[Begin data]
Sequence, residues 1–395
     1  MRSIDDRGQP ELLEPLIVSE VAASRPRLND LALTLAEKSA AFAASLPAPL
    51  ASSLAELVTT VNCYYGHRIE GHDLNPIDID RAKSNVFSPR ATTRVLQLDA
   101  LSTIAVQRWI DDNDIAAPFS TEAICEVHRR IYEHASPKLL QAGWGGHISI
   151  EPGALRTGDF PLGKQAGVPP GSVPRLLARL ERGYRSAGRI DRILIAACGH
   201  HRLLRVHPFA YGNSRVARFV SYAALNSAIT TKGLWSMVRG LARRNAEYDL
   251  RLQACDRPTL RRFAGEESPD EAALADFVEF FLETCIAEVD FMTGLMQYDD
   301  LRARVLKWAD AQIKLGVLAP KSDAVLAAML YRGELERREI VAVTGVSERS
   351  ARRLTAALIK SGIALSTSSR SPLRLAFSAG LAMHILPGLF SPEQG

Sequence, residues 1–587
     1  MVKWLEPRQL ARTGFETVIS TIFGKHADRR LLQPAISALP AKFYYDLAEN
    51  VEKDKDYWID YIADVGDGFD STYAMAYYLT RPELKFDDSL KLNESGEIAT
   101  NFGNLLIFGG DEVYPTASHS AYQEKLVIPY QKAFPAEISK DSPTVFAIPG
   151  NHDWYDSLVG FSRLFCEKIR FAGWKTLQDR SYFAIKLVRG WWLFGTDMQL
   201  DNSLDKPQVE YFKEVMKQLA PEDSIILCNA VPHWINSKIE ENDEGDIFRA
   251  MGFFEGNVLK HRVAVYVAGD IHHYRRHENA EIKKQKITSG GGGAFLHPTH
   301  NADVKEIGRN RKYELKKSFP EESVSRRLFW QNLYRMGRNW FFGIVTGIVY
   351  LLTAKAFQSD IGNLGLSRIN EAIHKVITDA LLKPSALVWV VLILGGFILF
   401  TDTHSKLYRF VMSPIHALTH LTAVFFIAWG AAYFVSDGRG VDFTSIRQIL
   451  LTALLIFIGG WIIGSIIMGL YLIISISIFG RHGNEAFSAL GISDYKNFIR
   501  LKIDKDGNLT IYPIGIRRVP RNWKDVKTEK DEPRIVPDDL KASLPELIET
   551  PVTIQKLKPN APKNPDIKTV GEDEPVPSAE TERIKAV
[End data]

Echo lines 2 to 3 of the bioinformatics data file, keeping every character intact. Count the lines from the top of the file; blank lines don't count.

     1  MRSIDDRGQP ELLEPLIVSE VAASRPRLND LALTLAEKSA AFAASLPAPL
    51  ASSLAELVTT VNCYYGHRIE GHDLNPIDID RAKSNVFSPR ATTRVLQLDA